There is no hiding place for Uganda’s female hockey side, the She Cranes.
Their results against Kenya at the just concluded Federation of International Hockey Series are reflective of their preparations and the mountain they have to climb to become a competitive national side.
Uganda had hitherto never participated in an international women’s engagement although players like Aisha Kagere have a recollection of the East Africa Cup – way before the astroturf in Lugogo was laid in 2004.
The side conceded 17 goals in the first two games at Sikh Union and there was nothing to suggest their last game, played yesterday, would end differently. Not even a spirited fight to go down fighting in a Saturday’s 6-0 defeat.
Both sides started training in January in preparation for the Africa Cup qualifiers in March in Nairobi but these were cancelled as only the two neighbouring countries had confirmed participation.
Kenya, however, seemed to welcome Africa Hockey Federation’s decision to qualify the two nations to the January 2022 finals in Ghana more than Uganda.
Theirs is a long-term project so they channelled focus to Ghana while the Uganda was left demoralised from yet another botched trip. Only 17 of the summoned players continued to train in Lugogo.
Even after the idea of the Series that will help Uganda attain a ranking was mooted, there was little coach Sandra Namusoke could do to summon more players.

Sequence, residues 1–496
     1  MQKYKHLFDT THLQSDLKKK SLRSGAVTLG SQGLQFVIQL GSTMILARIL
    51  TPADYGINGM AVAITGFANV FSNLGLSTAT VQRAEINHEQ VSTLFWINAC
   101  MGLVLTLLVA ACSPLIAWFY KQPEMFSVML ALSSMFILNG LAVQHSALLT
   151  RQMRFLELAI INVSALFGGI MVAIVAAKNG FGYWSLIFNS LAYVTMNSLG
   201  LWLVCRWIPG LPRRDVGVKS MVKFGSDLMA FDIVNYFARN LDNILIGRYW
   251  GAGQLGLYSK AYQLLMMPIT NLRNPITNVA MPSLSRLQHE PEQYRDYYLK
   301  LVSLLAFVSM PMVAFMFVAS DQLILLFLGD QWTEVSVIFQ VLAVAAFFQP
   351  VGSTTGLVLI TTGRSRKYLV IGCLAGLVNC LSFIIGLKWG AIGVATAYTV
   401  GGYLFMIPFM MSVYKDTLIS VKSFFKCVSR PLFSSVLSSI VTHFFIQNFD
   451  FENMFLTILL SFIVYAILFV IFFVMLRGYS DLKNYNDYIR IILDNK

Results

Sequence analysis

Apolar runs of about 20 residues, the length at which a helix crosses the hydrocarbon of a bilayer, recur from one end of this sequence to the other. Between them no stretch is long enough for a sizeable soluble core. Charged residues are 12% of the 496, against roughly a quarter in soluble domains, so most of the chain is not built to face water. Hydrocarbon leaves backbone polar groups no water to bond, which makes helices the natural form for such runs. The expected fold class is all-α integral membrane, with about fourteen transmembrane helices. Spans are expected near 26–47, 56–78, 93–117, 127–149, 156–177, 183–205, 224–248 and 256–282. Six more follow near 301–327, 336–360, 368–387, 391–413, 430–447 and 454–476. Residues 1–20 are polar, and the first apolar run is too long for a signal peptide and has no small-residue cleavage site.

In 2019, the ladies’ side had over 25 players training for the Olympic qualifiers in South Africa but nearly half pulled out of this assignment for personal reasons.
It is not even enough to look at the players only. Daily Monitor understands only two people applied to coach the ladies’ national side compared to the eight that wanted to coach the men.
Looking beyond their goals, the Kenyans ran faster, upped the tempo of their game easily whenever their coaches instructed them to.
The Ugandans, on the other hand, played at a slow pace and lacked the technical ability to play on the water-based astro-turf.
Physio Sadik Akii was a busy man pre and during the tournament and coach Namusoke had also admitted prior to making the trip that her side, with players returning from over a year of no action, was far from desired fitness level.
On pitch, Uganda glaringly missed width. With no natural wingers, the midfielders took turns to provide width. Only the versatile Joan Andika seemed to fit there.
Margaret Nassiwa, Pauline Achom and Kagere all took turns as wide midfielders but were at ease drifting centrally. Of the forwards, only Lamula Nakajjumba was happy to stretch play as Doreen Mbabazi struggled with fitness throughout.
Captain Doreen Asiimwe stood out. The biggest compliment you can pay her is that she was the only Ugandan player that would fit in the Kenyan side. Sometimes Consolate Muber looked the part, too, especially when allowed to venture forward.
But the dilemma was how to deploy the captain. Coach Namusoke mostly used her as a single pivot at the base of midfield to progress play but because she was also needed to support a sterile attack, her runs forward would leave the midfield hollow and the defence exposed.
FIH Test Series
Match 1: Kenya 11-0 Uganda
Match 2: Kenya 6-0 Uganda
Match 3: Kenya - - Uganda